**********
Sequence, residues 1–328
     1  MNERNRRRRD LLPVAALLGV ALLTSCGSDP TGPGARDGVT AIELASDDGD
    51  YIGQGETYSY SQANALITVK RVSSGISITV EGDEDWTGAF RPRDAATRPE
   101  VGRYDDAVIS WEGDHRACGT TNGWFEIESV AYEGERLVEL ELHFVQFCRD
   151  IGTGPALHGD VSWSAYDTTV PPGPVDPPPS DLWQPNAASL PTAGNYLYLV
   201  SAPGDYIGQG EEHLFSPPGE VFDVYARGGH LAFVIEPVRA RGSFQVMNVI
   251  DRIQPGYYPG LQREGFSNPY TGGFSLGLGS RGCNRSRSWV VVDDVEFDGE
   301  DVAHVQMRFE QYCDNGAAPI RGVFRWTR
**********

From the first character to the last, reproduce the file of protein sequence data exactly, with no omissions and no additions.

Sequence, residues 1–328
     1  MNERNRRRRD LLPVAALLGV ALLTSCGSDP TGPGARDGVT AIELASDDGD
    51  YIGQGETYSY SQANALITVK RVSSGISITV EGDEDWTGAF RPRDAATRPE
   101  VGRYDDAVIS WEGDHRACGT TNGWFEIESV AYEGERLVEL ELHFVQFCRD
   151  IGTGPALHGD VSWSAYDTTV PPGPVDPPPS DLWQPNAASL PTAGNYLYLV
   201  SAPGDYIGQG EEHLFSPPGE VFDVYARGGH LAFVIEPVRA RGSFQVMNVI
   251  DRIQPGYYPG LQREGFSNPY TGGFSLGLGS RGCNRSRSWV VVDDVEFDGE
   301  DVAHVQMRFE QYCDNGAAPI RGVFRWTR